Frosh LB Mendoza impresses quickly at ASU

Frosh LB Mendoza impresses quickly at ASU

Published Aug. 22, 2012 5:11 p.m. ET

TEMPE, Ariz. -- The simple fact that Carlos Mendoza has earned a place in Arizona State's second team linebacker unit despite not participating in contact drills until two days ago should say plenty about the freshman, but there's more to it than that.

Mendoza has made a strong impression with coaches this fall, all while limited following offseason shoulder surgery.

"It’s been very frustrating because he's been injured," ASU coach Todd Graham said. "He's really just had two or three days of full practice, but he's a guy that's definitely going to help us this year."

Mendoza, 6-foot-1 and 217 pounds, came to ASU from California high school football powerhouse Oaks Christian. He had offers from other schools like Air Force, San Jose State and Washington State, but ASU represented his highest-profile opportunity, and the the possibility of playing early in his college career.

"It was a goal of mine to play this year," Mendoza said. "I did not have my mind on redshirting, even with the injury. I really wanted to play."

All three of the Sun Devils' starting linebackers from 2011 graduated, leaving plenty of questions to be answered at the position. Beyond senior Brandon Magee, who missed all of 2011 with an Achilles injury, little was certain.

Mendoza said his main goal coming into fall camp was earning a starting spot on special teams. He has done that. Getting to back up Magee at "WILL" linebacker is a bonus that he has earned by impressing coaches with his instincts, awareness and ball focus.

"He's getting a great opportunity on special teams, on the first-team level, which will get him introduced to the game of college football," linebackers coach Ron West said. "And then he's behind a really good football player (Magee). He's learning from him."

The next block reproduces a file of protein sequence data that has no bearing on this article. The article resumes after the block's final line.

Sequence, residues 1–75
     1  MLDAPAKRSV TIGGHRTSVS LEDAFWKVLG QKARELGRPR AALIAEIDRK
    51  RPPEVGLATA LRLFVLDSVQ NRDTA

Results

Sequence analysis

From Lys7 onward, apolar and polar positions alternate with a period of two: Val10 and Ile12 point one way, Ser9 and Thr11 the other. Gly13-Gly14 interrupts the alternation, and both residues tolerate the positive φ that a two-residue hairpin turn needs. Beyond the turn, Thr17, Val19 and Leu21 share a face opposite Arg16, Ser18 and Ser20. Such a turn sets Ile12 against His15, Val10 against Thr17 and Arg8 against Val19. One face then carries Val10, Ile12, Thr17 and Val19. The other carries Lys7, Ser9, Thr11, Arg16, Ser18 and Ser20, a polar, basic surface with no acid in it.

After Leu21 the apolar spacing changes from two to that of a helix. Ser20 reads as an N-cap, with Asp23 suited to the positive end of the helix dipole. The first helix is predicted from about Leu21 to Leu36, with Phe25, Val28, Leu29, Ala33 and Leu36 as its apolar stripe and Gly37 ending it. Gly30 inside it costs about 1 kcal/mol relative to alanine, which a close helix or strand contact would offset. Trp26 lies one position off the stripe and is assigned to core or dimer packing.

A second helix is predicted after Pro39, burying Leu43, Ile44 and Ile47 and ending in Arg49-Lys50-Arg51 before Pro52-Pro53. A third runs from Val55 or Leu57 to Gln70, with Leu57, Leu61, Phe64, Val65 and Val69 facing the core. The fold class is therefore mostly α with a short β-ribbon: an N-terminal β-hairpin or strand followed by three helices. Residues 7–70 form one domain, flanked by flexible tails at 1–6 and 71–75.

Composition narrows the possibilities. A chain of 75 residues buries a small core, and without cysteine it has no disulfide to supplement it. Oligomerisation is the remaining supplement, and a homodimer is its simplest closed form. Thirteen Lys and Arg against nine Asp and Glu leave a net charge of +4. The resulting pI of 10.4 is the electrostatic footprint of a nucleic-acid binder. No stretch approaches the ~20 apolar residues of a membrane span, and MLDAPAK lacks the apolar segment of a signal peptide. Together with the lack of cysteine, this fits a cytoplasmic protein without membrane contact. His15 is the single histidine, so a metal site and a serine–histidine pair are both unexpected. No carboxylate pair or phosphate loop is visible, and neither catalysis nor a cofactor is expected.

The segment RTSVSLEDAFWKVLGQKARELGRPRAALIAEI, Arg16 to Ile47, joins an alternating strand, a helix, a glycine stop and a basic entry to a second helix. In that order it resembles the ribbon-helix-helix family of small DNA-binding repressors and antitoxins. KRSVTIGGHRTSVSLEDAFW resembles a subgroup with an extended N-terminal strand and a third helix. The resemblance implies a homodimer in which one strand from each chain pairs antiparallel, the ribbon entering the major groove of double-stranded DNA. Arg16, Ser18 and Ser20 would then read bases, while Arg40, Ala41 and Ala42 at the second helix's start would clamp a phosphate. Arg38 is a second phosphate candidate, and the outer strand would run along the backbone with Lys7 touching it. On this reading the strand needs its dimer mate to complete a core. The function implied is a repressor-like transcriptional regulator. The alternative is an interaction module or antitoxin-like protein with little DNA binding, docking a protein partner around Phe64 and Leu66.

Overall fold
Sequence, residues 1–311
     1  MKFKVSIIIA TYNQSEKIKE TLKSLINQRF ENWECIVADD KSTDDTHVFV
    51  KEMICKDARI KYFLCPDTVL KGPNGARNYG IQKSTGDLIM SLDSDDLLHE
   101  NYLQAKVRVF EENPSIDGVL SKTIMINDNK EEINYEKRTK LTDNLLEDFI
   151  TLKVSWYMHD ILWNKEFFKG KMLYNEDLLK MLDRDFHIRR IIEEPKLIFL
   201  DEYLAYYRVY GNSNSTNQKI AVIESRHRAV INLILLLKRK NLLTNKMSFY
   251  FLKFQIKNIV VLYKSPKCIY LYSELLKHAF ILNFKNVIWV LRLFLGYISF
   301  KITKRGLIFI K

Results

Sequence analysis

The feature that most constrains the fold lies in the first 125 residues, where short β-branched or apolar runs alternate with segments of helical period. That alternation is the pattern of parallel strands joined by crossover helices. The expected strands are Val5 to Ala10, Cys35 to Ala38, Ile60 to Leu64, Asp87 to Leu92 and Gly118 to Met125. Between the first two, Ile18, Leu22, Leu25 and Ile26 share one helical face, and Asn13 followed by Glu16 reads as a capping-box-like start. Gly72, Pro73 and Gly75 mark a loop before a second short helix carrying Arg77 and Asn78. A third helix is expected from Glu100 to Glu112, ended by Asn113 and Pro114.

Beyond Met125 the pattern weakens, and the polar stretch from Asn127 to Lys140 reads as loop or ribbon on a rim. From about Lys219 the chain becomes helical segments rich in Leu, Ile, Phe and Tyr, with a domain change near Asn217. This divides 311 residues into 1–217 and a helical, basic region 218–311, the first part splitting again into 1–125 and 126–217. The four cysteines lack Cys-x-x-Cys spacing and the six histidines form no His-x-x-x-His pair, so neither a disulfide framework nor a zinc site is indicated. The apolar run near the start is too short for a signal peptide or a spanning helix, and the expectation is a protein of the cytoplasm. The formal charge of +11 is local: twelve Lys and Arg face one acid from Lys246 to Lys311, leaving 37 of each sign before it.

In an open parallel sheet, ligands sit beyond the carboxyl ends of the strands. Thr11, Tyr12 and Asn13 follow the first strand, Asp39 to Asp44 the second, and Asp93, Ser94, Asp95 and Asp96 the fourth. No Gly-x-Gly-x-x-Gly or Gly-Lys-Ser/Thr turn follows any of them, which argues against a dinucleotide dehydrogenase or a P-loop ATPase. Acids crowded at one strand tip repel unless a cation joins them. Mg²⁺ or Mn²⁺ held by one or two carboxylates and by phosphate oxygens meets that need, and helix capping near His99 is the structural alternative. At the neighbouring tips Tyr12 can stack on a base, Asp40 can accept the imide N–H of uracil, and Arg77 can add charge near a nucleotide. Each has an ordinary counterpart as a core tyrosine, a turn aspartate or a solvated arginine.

West emphasizes that Mendoza's primary focus needs to be special teams right now, because opportunities to get on the field behind an established player like Magee won't always be plentiful.

Mendoza said he never hesitates to go to Magee with a question about ASU's diverse defensive scheme. The pair discusses plays regularly but don't necessarily have to exchange words for Mendoza to learn.

"Every time I pay attention to him, he's always doing the right thing on the field," Mendoza said. "So I always make sure to pay attention to him. I learn a lot by just watching him."

Even though Mendoza has been limited by his shoulder this fall, West is confident he knows what he has in Mendoza, even while keeping immediate expectations in check.

"We thought he was a pretty good athlete on film, saw his coverage skills, saw how he can read routes, read off the quarterbacks eyes," West said. "He did a lot of good things in that way in the passing game. We think he has a great shot at helping us."

West believes Mendoza's quick adjustment to the college level is a product of good coaching in high school. That makes sense, as it was former NFL all-pro linebacker Clay Matthews Jr. tutoring Mendoza at Oaks Christian.

Mendoza said his current focus is on trying to stop worrying about his shoulder and making good on the coaches' decision to give him a backup job before he's even made a tackle in camp.

"I feel like the coaches are testing me, seeing what my mind-set is coming off this (injury)," he said. "I need to step up to this challenge. I have to keep this spot, I can't lose it. I have to keep working."